Tidbit # 5-The Perfect Fit

October 8, 2021

We all want to fit in — some of us more outwardly than others! The desire to be seen and heard is the desire to be accepted, to be affirmed in one’s expression of self and to feel connected with others. There are different patterns to how different people go about fitting in, and the degree to which our own quirkiness limits the number of folks whom we consider (or who consider us) kindred spirits, as it were, most definitely varies, as much by individual as by life phase. I’d venture to say, however, that the intellectually and/or artistically gifted may well experience a whole other dimension of wanting to fit in, and doing so can take a while to figure out. Doing so can also make some kids and adults sidestep themselves in favor of a version that fits more readily with their perception of others. 

I was never partial to doing much to fit in. And though I loved saying I didn’t care, I certainly did. And I longed to find ‘my people’ — my intellectual people, my artistic people, my kindred spirts. I became comfortable with my dual insider/outsider status. I traveled from group to group, never really belonging to one in particular, though I was welcome in many. I tired of the company of others; I quietly lamented the fact that no one else shared my sense of humor, and was never very interested in the things that interested other people. But when I did encounter people with similar musical proclivities, who loved to read, who delighted in solving math challenges, expressing themselves through dance, I often found myself fearing that the very people I’d hoped were like me were better than I was — smarter, faster, more proficient — and always discovered that we were actually nothing alike. More importantly, however, I doubted myself. Having not ever felt that I really fit in made me not only doubt that I ever would but also that I was as good as I thought I was. My father always reminded me that no matter how good I was, someone would always be better. Naturally, he meant to keep me humble—and it is, after all, true; there are a lot of pretty amazing folks out there. But the effect on me was that I always feared that my notions of being smart and talented were illusions, that I was neither exceptional nor special, and I didn’t fit in. 

The feelings of potential inadequacy for a child who has grown up feeling different and perhaps, sometimes, exceptional, can lead to an oddly intensified desire to conform and to stand out; to out-perform and to not be noticed and then judged as lesser — in short, to struggle with the big fish in a little pond/little fish in a big pond dilemma. The question of which one would like to be is, like so many questions, the wrong question. One cannot choose how to be received by others any more than one can orchestrate the time and place in which one’s star will shine. This hasn’t stopped too many people from trying, but then, that’s what society tells us to do: marketing! I’m not sure that really addresses the issue on a personal level, though.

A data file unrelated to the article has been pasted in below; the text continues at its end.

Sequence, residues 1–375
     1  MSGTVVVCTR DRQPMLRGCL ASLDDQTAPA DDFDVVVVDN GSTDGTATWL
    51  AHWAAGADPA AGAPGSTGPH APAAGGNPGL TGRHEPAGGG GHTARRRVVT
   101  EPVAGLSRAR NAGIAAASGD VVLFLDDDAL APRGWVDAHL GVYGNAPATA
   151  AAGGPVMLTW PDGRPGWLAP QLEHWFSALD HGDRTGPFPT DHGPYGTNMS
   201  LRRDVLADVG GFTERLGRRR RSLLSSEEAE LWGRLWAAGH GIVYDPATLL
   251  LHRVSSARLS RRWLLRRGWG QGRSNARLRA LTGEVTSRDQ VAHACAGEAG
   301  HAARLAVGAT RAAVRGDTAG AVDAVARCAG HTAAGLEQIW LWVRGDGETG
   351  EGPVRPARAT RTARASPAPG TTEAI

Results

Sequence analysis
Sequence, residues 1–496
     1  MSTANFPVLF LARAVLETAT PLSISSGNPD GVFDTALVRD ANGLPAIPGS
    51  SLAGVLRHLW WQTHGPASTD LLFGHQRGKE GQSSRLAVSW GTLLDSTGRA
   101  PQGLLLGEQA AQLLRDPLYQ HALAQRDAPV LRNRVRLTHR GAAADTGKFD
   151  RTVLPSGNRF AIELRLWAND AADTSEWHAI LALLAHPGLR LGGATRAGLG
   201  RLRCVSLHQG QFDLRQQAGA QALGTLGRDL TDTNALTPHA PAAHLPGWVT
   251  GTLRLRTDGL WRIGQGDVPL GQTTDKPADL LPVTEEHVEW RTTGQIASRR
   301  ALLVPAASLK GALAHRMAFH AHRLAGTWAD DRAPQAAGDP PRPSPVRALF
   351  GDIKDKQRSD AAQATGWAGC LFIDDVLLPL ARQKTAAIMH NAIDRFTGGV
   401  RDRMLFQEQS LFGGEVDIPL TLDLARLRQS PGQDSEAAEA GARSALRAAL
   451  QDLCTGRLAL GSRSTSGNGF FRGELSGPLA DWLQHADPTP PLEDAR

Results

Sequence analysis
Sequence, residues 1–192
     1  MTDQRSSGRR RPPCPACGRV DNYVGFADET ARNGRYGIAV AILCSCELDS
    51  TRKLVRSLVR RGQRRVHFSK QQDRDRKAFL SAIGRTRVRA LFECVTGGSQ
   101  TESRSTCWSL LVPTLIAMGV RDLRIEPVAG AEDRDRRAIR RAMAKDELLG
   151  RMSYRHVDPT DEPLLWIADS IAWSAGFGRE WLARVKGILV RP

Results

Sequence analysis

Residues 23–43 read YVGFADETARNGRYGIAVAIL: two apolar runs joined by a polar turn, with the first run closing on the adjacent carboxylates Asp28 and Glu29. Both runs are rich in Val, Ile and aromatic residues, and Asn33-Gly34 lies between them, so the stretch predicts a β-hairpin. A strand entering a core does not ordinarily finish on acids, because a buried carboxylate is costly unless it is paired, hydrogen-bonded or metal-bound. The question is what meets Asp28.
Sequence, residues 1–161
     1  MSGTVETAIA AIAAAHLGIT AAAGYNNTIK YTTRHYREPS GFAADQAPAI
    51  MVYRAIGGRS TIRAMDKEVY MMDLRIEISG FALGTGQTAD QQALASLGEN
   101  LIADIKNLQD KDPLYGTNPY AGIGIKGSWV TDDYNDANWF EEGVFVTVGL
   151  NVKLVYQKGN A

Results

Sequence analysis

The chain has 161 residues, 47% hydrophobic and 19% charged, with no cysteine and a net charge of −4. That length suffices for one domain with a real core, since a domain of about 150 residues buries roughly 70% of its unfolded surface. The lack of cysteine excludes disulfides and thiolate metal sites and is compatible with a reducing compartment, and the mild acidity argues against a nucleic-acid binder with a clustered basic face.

How to fit in? How to find your people? How is one to not be impatient with the many people around you who aren’t like you and don’t “get” you? Change the expectation and turn it towards yourself, I’d say. Having the wrong expectations is bound to end in disappointment. Enjoy all that makes you you. Delight in the random tastes, biographical details, talents, pet peeves you share with all variety of people; shared moments that cannot be planned — like a great time on the playground with someone whom you only saw once and never again or a hilarious exchange with someone in the check-out line at the grocery. Expect of friends and classmates that they will offer what they are able to offer, not what you want from them. Know that you rarely need to conform but always fit in if there’s mutual respect, that ‘your people’ are sprinkled all around you and pop up in different times and places in your life, that you’re someone else’s kindred spirit, and that you are always enough. 

Julianna Tauschinger-Dempsey, Gifted Mother of Three Wildly Gifted Children, Educator @ Scholars Academy for the Gifted & Artistically Elite & Empowerer of Gifted Youth & Their Parents

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